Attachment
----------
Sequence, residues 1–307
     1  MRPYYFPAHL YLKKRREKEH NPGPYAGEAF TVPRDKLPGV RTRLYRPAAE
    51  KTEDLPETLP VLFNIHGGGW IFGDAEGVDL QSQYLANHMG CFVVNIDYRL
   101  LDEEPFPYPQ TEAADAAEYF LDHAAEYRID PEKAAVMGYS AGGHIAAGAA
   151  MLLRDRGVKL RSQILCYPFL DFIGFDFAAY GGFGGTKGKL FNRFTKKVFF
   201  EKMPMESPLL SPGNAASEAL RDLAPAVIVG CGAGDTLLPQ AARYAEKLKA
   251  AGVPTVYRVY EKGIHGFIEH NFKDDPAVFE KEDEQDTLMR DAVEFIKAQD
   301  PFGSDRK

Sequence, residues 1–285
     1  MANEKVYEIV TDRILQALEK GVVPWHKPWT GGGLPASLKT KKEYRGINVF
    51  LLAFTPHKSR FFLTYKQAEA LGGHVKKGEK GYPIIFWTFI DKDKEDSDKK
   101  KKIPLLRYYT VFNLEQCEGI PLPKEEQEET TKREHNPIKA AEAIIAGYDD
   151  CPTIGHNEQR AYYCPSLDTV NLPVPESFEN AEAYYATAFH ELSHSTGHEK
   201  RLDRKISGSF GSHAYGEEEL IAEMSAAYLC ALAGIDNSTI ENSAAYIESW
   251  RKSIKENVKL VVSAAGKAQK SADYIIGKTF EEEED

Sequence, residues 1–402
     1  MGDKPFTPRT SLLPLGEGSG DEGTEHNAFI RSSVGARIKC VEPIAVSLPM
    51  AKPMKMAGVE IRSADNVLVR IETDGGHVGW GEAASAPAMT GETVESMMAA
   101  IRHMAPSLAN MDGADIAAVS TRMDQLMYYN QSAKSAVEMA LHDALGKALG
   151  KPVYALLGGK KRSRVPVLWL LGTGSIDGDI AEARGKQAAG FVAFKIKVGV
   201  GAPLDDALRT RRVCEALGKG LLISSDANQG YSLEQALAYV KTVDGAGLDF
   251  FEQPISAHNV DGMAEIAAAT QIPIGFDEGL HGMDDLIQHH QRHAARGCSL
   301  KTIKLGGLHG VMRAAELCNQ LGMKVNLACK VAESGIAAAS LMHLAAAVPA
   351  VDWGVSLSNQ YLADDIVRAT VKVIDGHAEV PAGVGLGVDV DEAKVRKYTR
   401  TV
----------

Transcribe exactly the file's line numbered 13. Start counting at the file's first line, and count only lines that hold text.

   151  CPTIGHNEQR AYYCPSLDTV NLPVPESFEN AEAYYATAFH ELSHSTGHEK